Final Rules on Creditor Garnishments from Benefits

We are often asked if disability benefits can be garnished for child support, past due judgements or back taxes. Your disability benefits can, indeed, be garnished, but garnishment will depend upon your situation. In general, Disability Benefit garnishments can apply but there are strict rules about what can be garnished.  

The Final Ruling: SSA Rules for Disability Benefit Creditor Garnishments

Before, creditors could get garnishment orders against someone’s earnings. These orders didn’t need the approval of a court, and they could target any of a person’s benefits. Because notification wasn’t needed, federal benefits could “skip” the garnishment process.

This caused problems. Financial institutions had to temporarily freeze orders if a claim dispute happened. As of July 28, 2013, creditor garnishment rules were created: the Notice of Proposed Rulemaking (75 Fed Reg. 20299). This SSA ruling served helped to protect the coverage and benefits of SSI Beneficiaries and Social Security Beneficiaries alike.

What Did the Final Ruling Change?

Before, the freezes mentioned above would block a person’s access to benefit funds. In some cases, these funds were blocked for months. After the Notice of Proposed Rulemaking was passed, the Final Rule (78 Fed. Reg. 32009), required financial institutions to carry out several actions when a garnishment order happened.

Disability Benefits can still be garnished, but they’re restricted a little by the Final Rule.

The Final Rule and You: How is Your Garnishment Reviewed?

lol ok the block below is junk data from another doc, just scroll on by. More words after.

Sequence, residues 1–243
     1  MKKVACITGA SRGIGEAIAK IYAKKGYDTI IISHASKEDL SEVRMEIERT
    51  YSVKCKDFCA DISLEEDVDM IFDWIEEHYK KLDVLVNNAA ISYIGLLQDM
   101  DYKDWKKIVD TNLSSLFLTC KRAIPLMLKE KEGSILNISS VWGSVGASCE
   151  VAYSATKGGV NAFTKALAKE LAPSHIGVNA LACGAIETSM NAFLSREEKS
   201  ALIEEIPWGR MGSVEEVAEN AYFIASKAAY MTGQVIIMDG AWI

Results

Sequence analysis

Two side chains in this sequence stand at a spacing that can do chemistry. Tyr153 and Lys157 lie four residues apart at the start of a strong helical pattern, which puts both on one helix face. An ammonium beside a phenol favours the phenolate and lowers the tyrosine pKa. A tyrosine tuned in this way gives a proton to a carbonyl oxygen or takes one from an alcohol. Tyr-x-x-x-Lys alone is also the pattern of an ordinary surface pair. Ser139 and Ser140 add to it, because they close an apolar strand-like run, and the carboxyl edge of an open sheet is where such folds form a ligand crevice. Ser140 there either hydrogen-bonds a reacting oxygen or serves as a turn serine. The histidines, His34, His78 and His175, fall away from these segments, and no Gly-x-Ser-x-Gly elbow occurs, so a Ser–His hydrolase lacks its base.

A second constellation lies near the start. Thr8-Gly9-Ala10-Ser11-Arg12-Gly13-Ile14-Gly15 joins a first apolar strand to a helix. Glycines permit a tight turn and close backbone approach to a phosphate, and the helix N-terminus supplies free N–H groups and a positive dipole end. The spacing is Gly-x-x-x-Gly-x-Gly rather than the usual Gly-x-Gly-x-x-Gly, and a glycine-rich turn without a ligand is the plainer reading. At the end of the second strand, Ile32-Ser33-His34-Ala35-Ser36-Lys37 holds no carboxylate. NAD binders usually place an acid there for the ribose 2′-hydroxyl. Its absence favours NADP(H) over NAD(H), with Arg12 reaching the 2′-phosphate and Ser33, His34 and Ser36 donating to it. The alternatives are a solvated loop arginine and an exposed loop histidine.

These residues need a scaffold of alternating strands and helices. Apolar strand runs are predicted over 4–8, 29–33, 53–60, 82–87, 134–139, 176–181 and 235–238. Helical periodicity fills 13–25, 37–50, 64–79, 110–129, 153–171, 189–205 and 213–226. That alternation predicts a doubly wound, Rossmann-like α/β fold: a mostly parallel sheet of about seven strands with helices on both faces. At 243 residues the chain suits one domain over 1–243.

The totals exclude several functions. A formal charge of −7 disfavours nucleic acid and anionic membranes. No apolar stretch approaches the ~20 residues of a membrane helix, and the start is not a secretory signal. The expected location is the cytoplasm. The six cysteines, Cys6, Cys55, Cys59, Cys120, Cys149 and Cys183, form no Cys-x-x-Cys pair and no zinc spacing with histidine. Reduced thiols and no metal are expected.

First, your financial institution will receive a garnishment order. Before it can be fully processed, however, your garnishment order will be looked at closely. A garnishment order made by a state child support enforcement agency, or by the United States, however, isn’t affected by the Final Rule. These entities have certain executive powers.

The Review Process

During review, the garnishment order’s history is looked at. Every person’s benefit account has a “lookback period.” Your account’s lookback period is important, as it’s a record of your current statements, new benefits and garnishment requests. Your account’s lookback period is 60 days, which is two payment cycles.

Accessing Your Account During the Lookback Period

When you’re notified about the garnishment order, you’ll be told the institution will have full, customary access over your account. This is a precaution used to protect account holders from freezes. It also keeps you from depositing exempt funds during your account’s lookback period, would trigger a total freeze and block your account access.

A garnishment request isn’t approved immediately. You’ll have some protection against a frozen account. You should, however, learn about your account’s protected amount.

Determining Your Protected Amount

Two numbers determine your account’s protected amount: the accounts balance during its review and the sum of all posted benefit payments which took place during the lookback period Your protected amount can’t be touched by a garnishment order. It also can’t be impacted by an account freeze.

How are Protected Amounts Determined?

Protected amounts are determined by a couple things. Primarily, they’re your account’s “backup fund.” Your benefit funds are important to your livelihood, and a percentage of them can be set aside as protected amounts.

Different accounts under your name, if you have them, need to be set up with separate protected amounts. Sometimes, your state’s law will protect an large amount of benefit funds for you. This can happen due to a disability, money concerns or several other things. While, again, your financial institution can’t touch your protected amounts, they can garnish any other fees five business days after the initial review.

Overall, the Final Rule is pretty effective. Since June 28, 2013, those who benefit from federal support are well-protected from frozen accounts. While there are still some restrictions, you won’t need to worry unless the government garnishes your account. Financial institutions are pretty good at complying with orders. If a temporary freeze does happen, your protected benefits won’t be garnished.